As a side-note, if Hibernate would be the persistence provider, then this would be the way to specify Hibernate specific properties.

5. The Maven configuration

In addition to Spring Core and persistence dependencies – show in detail in the Spring with Maven tutorial – we also need to define JPA and Hibernate in the project, as well as a MySQL connector:

<dependency>
   <groupId>org.hibernate</groupId>
   <artifactId>hibernate-entitymanager</artifactId>
   <version>4.3.5.Final</version>
   <scope>runtime</scope>
</dependency>

<dependency>
   <groupId>mysql</groupId>
   <artifactId>mysql-connector-java</artifactId>
   <version>5.1.30</version>
   <scope>runtime</scope>
</dependency>

Note that the MySQL dependency is included as a reference – a driver is needed to configure the datasource, but any Hibernate supported database will do.

6. Conclusion

This tutorial illustrated how to configure JPA with Hibernate in Spring using both XML and Java configuration.

We also discussed how to get rid of the last piece of XML usually associated with JPA – the persistence.xml. The final result is a lightweight, clean DAO implementation, with almost no compile-time reliance on Spring.

The implementation of this Spring JPA Tutorial can be downloaded as a working sample project.

This is an Eclipse based project, so it should be easy to import and run as it is.

I usually post about Persistence on Google+ - you can follow me there:

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  • Gauthier Peel

    I don’t see any @Transactional on your classes. So how could the works ?

    • http://www.baeldung.com/ Eugen Paraschiv

      The DAO is not @Transactional – the service layer is, and since this article focuses on DAO layer, that’s not included. Note that there is an article dealing specifically with transaction configuration: http://www.baeldung.com/2011/12/26/transaction-configuration-with-jpa-and-spring-3-1/

      • Gauthier Peel

        thanks, i will check out the whole project.
        I noticed you uused :
        public FooDAO(){ setClazz(Foo.class ); }

        I used the follwing trick (not it is always valid though) in the abstract class :

        private Class clazz;

        @SuppressWarnings(“unchecked”)
        public AbstractJpaDAO() {
        this.clazz= ((Class) ((ParameterizedType) getClass().getGenericSuperclass())
        .getActualTypeArguments()[0]);
        }

        so the subclass does not need to give a value to clazz …

  • Pingback: Bean life cycle in spring « Zeeshan Akhter()

  • mwmahlberg

    Thanks a million for the xml configuration – for me as beeing new to spring I realy had a hard time to figure that one out.

  • Kim

    I tried your tutorial but alas … My entitymanager is always null. Why? Thank you in advance.

    Excuse my English

    • http://www.baeldung.com/ Eugen Paraschiv

      There are many reasons this may happen – did you try to start from the example project the article is pointing to (at the end)?
      Thanks. Eugen.

  • eugene

    Hi.. can’t seem to make it work. I deleted my persistence.xml and have my config in JPA context file.
    When I have persistence.xml, with empty persistence unit. i get an error that class is not mapped. when i deleted persistence.xml i have this error: no persistence.xml.

    Do you know how to solve this?

    • http://www.baeldung.com/ Eugen Paraschiv

      Did you try to clone the example project? That should give a good base to build your JPA configuration upon. If you find any problem starting from this point – please go ahead and create an issue on github and I’ll look into it.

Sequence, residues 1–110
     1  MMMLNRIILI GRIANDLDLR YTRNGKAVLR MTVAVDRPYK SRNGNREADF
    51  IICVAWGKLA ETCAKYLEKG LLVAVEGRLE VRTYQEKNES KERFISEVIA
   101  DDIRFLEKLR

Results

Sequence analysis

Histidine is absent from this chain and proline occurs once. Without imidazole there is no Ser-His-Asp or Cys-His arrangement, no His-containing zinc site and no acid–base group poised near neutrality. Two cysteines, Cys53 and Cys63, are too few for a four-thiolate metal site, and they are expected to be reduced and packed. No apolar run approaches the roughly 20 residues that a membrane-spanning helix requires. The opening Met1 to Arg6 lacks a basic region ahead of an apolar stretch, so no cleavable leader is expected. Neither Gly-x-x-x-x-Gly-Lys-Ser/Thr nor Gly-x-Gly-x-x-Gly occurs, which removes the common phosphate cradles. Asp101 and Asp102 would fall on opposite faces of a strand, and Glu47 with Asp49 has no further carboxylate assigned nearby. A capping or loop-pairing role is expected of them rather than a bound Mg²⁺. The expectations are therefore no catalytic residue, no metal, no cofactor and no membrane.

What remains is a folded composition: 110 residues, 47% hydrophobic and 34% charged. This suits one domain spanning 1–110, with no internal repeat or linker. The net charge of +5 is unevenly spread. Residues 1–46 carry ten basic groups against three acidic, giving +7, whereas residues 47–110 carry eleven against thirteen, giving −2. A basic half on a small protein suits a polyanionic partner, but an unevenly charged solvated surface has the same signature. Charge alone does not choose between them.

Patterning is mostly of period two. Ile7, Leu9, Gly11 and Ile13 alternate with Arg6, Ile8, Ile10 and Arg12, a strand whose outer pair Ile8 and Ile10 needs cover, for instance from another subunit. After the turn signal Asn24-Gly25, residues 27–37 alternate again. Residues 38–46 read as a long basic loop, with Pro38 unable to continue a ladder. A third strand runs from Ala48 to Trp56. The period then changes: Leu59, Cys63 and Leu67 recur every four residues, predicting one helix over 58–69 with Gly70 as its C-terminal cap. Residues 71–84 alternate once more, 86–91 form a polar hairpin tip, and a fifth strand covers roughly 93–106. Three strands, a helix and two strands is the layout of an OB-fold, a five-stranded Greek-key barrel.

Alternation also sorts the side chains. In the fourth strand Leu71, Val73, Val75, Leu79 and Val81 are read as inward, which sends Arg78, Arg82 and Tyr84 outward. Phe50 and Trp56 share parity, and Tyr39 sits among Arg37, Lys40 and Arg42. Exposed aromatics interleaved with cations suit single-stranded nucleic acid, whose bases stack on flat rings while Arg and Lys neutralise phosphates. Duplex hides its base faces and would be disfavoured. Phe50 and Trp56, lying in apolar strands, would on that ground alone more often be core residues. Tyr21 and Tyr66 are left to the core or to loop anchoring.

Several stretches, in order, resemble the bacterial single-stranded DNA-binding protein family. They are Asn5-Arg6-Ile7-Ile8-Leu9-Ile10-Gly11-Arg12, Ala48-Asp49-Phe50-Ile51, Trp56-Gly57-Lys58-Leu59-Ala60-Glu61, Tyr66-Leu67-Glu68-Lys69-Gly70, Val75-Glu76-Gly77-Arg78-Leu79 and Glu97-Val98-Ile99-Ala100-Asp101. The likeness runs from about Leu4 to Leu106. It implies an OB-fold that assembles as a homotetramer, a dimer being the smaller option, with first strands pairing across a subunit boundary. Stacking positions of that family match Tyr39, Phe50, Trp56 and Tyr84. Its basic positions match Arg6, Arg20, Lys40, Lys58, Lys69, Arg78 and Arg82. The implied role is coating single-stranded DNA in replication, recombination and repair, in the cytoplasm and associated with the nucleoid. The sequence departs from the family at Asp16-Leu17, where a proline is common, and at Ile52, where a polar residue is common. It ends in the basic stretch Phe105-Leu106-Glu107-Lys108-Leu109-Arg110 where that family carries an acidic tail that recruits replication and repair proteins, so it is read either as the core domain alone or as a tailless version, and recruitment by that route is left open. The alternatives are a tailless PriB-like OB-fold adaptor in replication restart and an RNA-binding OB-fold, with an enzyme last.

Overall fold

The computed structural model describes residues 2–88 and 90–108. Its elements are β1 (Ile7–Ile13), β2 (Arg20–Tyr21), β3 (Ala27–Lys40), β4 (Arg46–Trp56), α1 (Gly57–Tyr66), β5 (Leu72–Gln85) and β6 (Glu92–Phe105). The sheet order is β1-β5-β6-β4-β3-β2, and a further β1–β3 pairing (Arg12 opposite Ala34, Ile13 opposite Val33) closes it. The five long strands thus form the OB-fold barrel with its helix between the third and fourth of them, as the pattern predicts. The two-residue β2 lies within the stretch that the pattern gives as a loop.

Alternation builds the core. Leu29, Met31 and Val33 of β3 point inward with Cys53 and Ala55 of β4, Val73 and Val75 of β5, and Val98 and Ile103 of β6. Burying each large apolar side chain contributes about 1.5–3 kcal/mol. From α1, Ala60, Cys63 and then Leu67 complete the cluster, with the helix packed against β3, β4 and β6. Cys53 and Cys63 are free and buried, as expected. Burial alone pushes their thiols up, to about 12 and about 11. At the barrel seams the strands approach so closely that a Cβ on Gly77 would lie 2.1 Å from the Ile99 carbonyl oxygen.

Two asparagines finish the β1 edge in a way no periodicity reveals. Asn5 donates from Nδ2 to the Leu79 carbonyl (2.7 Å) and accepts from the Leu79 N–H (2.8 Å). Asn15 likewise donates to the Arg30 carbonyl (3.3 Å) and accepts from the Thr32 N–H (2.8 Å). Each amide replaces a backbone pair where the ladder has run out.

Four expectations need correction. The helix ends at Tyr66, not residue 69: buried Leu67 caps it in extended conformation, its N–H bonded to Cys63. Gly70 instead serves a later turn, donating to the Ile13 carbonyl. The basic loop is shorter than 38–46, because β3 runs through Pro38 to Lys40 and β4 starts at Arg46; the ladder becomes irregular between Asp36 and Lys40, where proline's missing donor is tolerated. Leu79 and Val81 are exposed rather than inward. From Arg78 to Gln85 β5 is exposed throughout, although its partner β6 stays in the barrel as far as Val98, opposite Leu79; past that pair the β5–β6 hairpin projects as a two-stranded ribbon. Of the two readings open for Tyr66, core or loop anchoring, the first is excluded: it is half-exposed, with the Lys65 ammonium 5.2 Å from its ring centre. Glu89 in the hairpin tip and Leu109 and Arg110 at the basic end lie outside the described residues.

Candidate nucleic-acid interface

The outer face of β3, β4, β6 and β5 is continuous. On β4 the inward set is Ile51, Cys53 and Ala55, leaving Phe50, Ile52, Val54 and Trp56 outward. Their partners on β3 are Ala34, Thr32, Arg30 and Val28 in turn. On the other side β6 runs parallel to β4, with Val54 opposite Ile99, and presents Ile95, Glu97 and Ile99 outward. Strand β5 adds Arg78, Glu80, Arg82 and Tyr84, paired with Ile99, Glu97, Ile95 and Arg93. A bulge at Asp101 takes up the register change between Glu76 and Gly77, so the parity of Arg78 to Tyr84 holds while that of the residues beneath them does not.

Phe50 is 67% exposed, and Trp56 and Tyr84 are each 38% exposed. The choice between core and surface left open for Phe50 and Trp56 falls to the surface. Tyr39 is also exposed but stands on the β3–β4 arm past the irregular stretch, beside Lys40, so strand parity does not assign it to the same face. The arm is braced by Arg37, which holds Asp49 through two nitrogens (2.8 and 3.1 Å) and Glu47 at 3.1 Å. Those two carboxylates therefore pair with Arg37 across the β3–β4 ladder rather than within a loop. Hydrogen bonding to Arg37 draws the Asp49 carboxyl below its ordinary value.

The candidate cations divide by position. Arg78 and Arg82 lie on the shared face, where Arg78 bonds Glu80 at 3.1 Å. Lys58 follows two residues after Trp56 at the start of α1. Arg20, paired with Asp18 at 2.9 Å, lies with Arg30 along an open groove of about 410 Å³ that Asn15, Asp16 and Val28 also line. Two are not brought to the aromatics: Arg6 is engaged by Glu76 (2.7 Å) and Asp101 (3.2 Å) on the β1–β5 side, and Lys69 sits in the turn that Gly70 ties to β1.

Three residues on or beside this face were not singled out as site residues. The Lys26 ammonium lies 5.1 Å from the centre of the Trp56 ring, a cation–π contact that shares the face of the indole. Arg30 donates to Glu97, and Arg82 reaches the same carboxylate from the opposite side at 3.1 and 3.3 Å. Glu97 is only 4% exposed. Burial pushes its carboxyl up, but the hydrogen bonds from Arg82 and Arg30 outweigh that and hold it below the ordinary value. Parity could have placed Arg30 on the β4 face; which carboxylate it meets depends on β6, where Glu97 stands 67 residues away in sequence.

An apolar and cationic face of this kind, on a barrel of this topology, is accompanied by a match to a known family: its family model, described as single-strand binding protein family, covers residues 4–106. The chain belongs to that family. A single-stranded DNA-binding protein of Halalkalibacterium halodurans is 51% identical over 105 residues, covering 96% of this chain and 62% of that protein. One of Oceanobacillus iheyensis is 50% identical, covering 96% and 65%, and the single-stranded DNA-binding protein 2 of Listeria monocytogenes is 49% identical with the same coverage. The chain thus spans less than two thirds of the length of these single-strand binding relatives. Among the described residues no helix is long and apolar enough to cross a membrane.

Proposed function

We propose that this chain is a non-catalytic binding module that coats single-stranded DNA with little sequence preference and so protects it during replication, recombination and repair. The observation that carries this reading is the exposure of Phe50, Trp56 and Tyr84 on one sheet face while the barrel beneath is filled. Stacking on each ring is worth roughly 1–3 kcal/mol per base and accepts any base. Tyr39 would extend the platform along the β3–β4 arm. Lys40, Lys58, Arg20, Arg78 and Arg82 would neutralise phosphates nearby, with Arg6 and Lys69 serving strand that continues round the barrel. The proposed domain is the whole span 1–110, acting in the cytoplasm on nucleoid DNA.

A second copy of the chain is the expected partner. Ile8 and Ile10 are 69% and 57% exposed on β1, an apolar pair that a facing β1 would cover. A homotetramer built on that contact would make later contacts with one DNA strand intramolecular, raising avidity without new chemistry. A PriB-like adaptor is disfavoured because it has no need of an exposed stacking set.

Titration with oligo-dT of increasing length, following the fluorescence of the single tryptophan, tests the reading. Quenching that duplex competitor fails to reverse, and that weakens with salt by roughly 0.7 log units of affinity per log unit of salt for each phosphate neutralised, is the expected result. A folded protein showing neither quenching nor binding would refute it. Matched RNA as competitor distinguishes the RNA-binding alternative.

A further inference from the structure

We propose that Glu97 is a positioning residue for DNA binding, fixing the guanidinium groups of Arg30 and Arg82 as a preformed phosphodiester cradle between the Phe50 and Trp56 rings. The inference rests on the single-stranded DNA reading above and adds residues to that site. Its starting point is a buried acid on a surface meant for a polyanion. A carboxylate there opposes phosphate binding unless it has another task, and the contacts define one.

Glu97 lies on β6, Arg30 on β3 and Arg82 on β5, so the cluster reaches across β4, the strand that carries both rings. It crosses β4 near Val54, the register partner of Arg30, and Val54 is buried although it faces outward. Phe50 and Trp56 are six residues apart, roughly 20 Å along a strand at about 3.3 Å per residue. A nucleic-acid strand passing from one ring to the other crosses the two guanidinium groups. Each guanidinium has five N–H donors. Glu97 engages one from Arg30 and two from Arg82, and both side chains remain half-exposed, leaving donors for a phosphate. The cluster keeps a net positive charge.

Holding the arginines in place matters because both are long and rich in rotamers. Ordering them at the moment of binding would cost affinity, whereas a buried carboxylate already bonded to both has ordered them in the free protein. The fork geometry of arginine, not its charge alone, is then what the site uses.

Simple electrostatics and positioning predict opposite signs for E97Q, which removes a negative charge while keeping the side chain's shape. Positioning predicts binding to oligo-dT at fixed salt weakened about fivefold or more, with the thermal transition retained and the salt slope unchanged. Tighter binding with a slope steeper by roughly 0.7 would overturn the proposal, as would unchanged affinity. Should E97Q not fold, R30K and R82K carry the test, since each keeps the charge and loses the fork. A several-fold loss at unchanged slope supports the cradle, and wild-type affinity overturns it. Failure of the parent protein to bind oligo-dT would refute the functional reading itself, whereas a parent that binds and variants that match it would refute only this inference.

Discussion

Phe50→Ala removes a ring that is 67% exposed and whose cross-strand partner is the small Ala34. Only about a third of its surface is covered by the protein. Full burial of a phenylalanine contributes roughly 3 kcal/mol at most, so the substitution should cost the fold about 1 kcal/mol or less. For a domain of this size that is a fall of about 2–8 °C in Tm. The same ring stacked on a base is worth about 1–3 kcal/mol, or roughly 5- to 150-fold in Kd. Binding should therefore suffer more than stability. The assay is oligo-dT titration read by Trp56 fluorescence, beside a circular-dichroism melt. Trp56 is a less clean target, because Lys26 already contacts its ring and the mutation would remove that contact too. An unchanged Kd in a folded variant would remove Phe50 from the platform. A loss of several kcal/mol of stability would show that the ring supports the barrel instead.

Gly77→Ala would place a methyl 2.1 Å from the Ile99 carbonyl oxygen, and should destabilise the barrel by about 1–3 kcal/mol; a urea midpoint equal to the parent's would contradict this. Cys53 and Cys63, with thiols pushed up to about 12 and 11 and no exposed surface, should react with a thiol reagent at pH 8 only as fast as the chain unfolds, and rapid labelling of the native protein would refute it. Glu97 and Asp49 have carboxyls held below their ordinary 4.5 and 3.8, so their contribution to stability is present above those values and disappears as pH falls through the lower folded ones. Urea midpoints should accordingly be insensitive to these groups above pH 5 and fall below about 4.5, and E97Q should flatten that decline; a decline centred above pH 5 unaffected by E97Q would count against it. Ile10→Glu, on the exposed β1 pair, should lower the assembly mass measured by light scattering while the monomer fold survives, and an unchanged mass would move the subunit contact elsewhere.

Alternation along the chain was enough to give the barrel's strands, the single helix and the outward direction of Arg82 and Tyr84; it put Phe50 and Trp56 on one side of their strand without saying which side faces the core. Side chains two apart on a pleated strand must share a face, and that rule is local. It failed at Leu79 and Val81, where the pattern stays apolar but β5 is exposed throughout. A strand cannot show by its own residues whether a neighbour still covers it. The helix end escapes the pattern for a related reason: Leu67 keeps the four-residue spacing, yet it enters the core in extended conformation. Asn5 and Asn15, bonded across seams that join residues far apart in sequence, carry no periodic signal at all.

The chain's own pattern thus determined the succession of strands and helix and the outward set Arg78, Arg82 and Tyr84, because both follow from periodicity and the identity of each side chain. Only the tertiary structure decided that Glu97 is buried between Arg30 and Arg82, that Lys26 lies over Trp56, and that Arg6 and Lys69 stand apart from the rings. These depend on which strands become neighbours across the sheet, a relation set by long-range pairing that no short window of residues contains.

Thanks. Eugen.

      • eugene

        I tried importing your spring-jpa project. and found no major differences on the setup/configuration. What I noticed is that, the JPA Facets is not clicked in your project. Apparently, this solves my issue when I removed it. Thanks a lot.

        ps
        regarding the config above, may i know what’s advisable? using the java config or the xml – jpaConfig? I’m also wondering where are your dispatcher servlet and view resolvers configured. (sorry, just started learning spring/jpa-hibernate) TIA.

        • http://www.baeldung.com/ Eugen Paraschiv

          Glad the sample project helped. As for what to use – java or XML config, these are very much equivalent, so it’s a matter of preference. I a new project, I personally prefer to use java config. The Dispatcher, controllers and generally the web configuration lives in a different config file – this one is simply persistence, with the goal to keep things as separate and decoupled as possible.

  • Rupanjan Baidya

    Baeldung,

    Do you have any implementation of mybatis with JPA + Spring Data Solr?

    Thank you in advance.

    • http://www.baeldung.com/ Eugen Paraschiv

      I do not have an already implemented example for this stack yet. I think the MyBatis configuration for JPA should be very similar to the Hibernate implementation, and for Spring Data Solr, I recomend this excelent tutorial.
      Hope it helps.
      Eugen.

  • Giuseppe Sergio

    Could you Explain how to make work the project XML-Less in tomcat7?

    how i should declare my web.xml? and the Struts.xml?
    Thank you in advance.

  • Ashish Saraf

    Hi,
    Very nice tutorial to illustrate java class configuration for spring-jpa application. When persistence.xml is used, one can define multiple persistence-unit, for multiple database connections. I would appreciate if you could help with an illustration to define such a scenario using java class configuration.
    Thanks and regards,
    Ashish Saraf

    • http://www.baeldung.com/ Eugen Paraschiv